After a week plus of intense media scrutiny/speculation, it’s inevitable that we enter the next phase of Camgate. That’s right, bring on the institutional ass covering.
… In a statement, Mississippi State’s athletic department said Wednesday that it first contacted the Southeastern Conference regarding “an issue relating to its recruitment of Cam Newton.” The statement said the SEC asked for specific information including interviews with university staffers. Mississippi State didn’t provide more information until July, citing “time-consuming eligibility issues” related to other sports, presumably those involving basketball players Renardo Sidney and Dee Bost.
The statement said Mississippi State has “cooperated fully” with NCAA investigators, but did not make any reference to the alleged phone calls between recruiters and the Newtons.
SEC spokesman Charles Bloom said Wednesday evening that there was also no mention of the reported conversations in either of the school’s reports to the league.
You’ve got to love MSU’s excuse there: people, you can’t expect us to spend much time on the eligibility of a player who didn’t sign with our school when we’ve got our own players’ eligibility problems to handle! (Maybe if we were a school with greater resources, like Alabama, who knows?)
One thing of interest there is the money talk alleged to have involved the Newtons which Schad reported, that the SEC claims to have no knowledge of until they were made public, while the school kind of dances around whether it informed the NCAA about that in July when they made contact. At best it sounds like MSU wasn’t following official league protocol, which will no doubt lead to another Mike Slive-inspired Tony Barnhart scold column.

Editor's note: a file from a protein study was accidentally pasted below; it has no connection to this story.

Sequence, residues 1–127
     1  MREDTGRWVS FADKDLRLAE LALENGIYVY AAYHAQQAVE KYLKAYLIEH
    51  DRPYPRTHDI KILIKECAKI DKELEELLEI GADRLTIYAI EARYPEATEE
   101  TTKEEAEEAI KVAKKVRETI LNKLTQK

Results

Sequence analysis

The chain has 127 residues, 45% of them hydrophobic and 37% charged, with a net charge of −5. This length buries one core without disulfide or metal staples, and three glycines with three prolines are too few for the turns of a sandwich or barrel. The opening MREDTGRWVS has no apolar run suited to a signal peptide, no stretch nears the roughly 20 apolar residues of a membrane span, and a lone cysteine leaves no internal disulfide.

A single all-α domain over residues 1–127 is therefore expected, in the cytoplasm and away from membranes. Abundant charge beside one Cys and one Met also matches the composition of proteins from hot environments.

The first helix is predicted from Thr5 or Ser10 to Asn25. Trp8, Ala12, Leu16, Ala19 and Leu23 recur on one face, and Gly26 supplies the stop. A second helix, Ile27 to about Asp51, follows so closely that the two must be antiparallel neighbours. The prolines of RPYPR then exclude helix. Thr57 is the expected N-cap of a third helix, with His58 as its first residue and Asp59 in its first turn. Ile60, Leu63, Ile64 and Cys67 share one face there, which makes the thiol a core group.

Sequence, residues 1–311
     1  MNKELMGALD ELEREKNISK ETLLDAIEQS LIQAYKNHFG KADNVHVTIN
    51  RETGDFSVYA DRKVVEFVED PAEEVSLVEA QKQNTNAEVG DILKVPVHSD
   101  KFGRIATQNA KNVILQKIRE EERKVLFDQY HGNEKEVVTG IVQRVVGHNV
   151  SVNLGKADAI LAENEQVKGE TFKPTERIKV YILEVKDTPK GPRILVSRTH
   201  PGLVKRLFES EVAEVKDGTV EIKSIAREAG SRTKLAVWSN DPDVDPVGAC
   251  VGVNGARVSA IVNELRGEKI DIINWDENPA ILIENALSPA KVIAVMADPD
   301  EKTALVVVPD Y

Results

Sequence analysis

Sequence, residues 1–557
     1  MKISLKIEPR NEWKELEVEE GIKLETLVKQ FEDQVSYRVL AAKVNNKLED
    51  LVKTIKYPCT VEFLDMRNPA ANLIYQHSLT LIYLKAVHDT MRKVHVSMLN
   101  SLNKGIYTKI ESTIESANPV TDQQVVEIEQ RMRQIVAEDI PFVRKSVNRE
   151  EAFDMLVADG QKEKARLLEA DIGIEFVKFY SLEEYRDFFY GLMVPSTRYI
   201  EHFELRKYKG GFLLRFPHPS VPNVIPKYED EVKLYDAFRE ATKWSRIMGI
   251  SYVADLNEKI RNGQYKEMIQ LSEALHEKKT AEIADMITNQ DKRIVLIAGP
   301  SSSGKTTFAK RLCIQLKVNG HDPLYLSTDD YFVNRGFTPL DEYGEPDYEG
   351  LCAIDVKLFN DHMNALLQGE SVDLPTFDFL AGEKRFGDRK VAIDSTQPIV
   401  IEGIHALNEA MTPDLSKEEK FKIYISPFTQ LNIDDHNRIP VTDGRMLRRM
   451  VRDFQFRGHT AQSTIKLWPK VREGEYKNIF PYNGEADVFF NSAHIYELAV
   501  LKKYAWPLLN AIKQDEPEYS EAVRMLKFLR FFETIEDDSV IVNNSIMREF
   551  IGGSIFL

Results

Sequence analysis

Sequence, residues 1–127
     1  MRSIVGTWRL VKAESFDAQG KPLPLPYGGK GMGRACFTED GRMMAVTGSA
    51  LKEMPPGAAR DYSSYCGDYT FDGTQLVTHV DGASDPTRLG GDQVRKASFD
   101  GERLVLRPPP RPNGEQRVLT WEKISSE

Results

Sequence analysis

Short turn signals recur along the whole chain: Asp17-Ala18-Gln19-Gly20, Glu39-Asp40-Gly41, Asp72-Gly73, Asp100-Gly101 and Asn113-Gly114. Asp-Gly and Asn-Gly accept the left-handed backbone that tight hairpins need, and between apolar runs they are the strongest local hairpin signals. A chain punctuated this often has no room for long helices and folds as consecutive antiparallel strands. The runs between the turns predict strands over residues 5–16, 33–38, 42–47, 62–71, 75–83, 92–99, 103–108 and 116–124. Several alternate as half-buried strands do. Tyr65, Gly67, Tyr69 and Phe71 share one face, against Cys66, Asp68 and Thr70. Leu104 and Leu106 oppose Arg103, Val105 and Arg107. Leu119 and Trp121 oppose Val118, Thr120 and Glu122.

At this point, I’ve lost track of who’s deserving of being held credible here, but there’s way too much smoke now for somebody or some institution not to have been burned. One thing’s for certain, with the NCAA and the FBI involved, something’s going to turn up.
And while you ponder that, here’s an interesting counterpoint to consider:
… As for Newton supposedly being shopped for up to $200,000 … well, nobody who follows college football is surprised. That doesn’t mean Newton got paid. It means players get paid all the time.
What I find remarkable is that, if all of this is true, the under-the-table payments are what would upset people the most. I mean, yes, it is against NCAA rules. But in any other segment of society, if a college kid found a way to use his talents to bring in money to support his father’s church, he would be a hero. There would be glowing newspaper profiles and probably a few humanitarian awards. If a kid does it in college football, he’s a villain.
Not exactly. There is that pesky little “it is against NCAA rules” thing. I wonder if Rosenberg would paint the same picture about a drug dealer who took the profits from his trade and did something similar.